Augustana seeks to anticipate societal and economic trends in our planning efforts. Planning takes place in a data-rich environment attuned to external shifts. The Office of Institutional Research (OIR), established in 1978, fosters empirically based decision making. The office administers and analyzes a large number of national and in-house surveys. Instruments change with the college's needs. Internal data are linked with comparative data from peers and aspirant (stretch) institutions. Every major administrative unit engages in additional forms of environmental surveillance. The college regularly engages external consultants to review our internal assessments.
A significant challenge for Augustana is demographic change. Non-traditional populations represent an increasing proportion of the total college-aged population in the region. Three new initiatives anticipate these likely changes: attracting a more diverse student body, expanding our international programs, and attracting a more diverse faculty.
The strategic plan outlines steps toward a more diverse student body, with an increased presence of American minority students: additional admissions counselors for recruitment, cultivation of new markets, student and faculty exchanges with schools in other nations, and exploration of “feeder high school” relationships. Augustana has reached out to traditionally under-represented populations through: African-American and Hispanic alumni conferences on recruiting and retention; sponsorship of the National Hispanic Institute's summer conferences; and “Leadership in Cultural Diversity” scholarships. Augustana's fall 2005 full-time enrollment was 2,363, putting us ahead of our enrollment plan by one year.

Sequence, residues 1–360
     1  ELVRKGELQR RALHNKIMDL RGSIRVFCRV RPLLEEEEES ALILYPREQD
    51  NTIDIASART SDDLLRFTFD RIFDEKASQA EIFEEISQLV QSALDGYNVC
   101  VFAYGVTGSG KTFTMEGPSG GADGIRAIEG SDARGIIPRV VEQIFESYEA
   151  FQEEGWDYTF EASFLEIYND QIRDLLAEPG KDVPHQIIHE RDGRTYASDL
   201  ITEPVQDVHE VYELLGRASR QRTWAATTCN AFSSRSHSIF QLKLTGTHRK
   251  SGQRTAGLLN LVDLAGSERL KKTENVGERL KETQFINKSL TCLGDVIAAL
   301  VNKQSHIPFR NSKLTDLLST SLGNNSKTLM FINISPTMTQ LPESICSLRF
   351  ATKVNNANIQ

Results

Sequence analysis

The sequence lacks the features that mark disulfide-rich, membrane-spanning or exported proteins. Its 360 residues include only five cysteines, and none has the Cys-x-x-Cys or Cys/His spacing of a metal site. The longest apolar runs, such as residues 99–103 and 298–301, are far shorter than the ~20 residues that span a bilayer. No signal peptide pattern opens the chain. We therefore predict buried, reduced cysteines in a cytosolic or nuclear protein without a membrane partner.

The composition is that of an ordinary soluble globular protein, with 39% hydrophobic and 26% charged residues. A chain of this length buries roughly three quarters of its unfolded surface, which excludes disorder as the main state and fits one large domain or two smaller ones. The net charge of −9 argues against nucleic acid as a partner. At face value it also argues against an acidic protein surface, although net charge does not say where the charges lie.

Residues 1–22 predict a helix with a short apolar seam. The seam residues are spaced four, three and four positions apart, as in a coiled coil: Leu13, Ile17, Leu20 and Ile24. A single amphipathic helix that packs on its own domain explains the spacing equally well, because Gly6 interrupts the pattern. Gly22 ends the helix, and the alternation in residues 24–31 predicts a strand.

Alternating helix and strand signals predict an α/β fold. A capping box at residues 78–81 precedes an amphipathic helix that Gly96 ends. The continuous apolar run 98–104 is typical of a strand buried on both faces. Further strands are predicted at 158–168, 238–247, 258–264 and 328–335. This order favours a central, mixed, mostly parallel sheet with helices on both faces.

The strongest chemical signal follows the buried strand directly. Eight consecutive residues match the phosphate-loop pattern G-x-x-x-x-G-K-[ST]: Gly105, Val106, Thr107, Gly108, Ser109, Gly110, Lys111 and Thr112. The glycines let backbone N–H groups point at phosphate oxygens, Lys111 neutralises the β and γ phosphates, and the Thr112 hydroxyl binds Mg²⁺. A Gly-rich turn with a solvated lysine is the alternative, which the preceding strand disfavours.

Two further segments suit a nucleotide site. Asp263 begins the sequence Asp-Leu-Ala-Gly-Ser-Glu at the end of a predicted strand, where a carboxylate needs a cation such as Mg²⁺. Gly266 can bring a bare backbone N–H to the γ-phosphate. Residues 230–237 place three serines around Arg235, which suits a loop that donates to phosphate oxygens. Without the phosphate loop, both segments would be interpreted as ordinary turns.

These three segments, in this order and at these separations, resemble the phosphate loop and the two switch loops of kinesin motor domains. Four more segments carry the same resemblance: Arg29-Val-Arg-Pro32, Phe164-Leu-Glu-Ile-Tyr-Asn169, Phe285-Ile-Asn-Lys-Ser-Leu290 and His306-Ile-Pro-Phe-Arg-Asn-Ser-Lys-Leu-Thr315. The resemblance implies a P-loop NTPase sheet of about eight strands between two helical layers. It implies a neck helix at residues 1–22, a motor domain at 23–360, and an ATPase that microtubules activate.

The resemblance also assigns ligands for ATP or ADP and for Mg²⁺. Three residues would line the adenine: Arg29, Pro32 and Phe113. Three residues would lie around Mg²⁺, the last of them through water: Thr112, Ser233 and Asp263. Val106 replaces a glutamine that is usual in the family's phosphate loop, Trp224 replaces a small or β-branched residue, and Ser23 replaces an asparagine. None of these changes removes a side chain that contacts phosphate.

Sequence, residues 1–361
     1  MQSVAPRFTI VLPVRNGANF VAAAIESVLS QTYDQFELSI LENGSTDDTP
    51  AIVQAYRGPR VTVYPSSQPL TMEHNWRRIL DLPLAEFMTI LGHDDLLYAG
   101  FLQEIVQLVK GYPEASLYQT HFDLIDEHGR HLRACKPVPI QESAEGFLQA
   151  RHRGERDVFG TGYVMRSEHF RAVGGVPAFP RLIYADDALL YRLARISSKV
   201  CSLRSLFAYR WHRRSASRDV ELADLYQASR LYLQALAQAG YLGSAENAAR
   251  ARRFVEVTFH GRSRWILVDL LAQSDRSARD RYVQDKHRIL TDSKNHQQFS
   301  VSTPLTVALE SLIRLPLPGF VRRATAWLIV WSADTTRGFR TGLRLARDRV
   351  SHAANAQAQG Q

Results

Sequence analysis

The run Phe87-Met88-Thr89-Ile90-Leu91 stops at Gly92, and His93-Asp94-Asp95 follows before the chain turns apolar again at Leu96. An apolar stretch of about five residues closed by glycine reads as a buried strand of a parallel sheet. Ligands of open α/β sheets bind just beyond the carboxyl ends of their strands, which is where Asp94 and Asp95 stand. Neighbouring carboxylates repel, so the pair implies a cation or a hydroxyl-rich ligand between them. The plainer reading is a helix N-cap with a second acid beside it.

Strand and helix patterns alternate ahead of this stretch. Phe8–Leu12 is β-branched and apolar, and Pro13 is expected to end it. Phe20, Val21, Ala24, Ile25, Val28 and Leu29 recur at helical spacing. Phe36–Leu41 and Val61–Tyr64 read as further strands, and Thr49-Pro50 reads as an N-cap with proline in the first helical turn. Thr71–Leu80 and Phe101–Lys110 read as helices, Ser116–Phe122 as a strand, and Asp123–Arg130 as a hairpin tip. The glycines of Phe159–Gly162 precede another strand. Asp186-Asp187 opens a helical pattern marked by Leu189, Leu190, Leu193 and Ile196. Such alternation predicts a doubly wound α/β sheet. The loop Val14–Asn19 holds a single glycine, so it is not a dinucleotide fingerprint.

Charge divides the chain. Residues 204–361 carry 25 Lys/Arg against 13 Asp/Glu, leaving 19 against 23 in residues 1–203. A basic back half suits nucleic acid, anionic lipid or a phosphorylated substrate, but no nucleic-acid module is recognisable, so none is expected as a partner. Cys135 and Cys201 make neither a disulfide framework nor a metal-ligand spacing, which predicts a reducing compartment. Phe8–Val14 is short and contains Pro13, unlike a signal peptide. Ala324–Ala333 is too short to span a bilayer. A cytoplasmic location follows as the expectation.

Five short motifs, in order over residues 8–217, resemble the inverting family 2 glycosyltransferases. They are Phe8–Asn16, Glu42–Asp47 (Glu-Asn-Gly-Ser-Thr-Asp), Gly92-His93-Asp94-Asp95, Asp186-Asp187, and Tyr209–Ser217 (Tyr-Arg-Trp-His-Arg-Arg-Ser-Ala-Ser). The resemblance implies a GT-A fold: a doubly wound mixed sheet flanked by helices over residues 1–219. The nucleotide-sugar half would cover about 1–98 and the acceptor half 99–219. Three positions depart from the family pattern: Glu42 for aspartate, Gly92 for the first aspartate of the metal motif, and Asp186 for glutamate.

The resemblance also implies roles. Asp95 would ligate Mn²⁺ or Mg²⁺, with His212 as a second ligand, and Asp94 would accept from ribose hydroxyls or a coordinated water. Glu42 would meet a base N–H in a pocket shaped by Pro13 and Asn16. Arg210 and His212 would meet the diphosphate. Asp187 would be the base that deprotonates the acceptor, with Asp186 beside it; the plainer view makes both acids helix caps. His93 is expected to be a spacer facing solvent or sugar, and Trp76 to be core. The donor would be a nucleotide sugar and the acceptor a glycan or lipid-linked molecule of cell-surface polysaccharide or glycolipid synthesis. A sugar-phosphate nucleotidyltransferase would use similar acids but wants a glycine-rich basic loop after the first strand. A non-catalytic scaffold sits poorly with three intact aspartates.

We must attract a more diverse faculty. We have actively recruited minority faculty. The administration has strongly suggested that at least one of the final candidates for every academic position should be a minority. In a new program, Augustana will partner with the University of Chicago to offer minority graduate students a reduced course load for a year as they complete their degrees.
Infrastructure is key to supporting a student body of 2,500. Since 1996, we have invested $74 million in new or renewed facilities. The campus master plan was approved by the college board in 2005. Priority projects include building a residence hall and renovating existing ones, renovating of Carlsson Hall for academic use, renovating Old Main, and constructing a student center. Second tier projects involve improved facilities in music and theatre, additional parking, and acquisition of nearby properties suiting the goals of the master plan.
The strategic plan proposes steps to enhance information technology systems. The college seeks to expand the faculty's ability to try new, innovative methods of teaching and learning through technology. The Academic Computing Committee considers technology to be used for academic purposes. An Administrative Systems Task Force meeting in 2004 led to the decision to purchase Datatel administrative software to be implemented over the next two years. A consulting team revamped the college's website during the 2004-2005 academic year.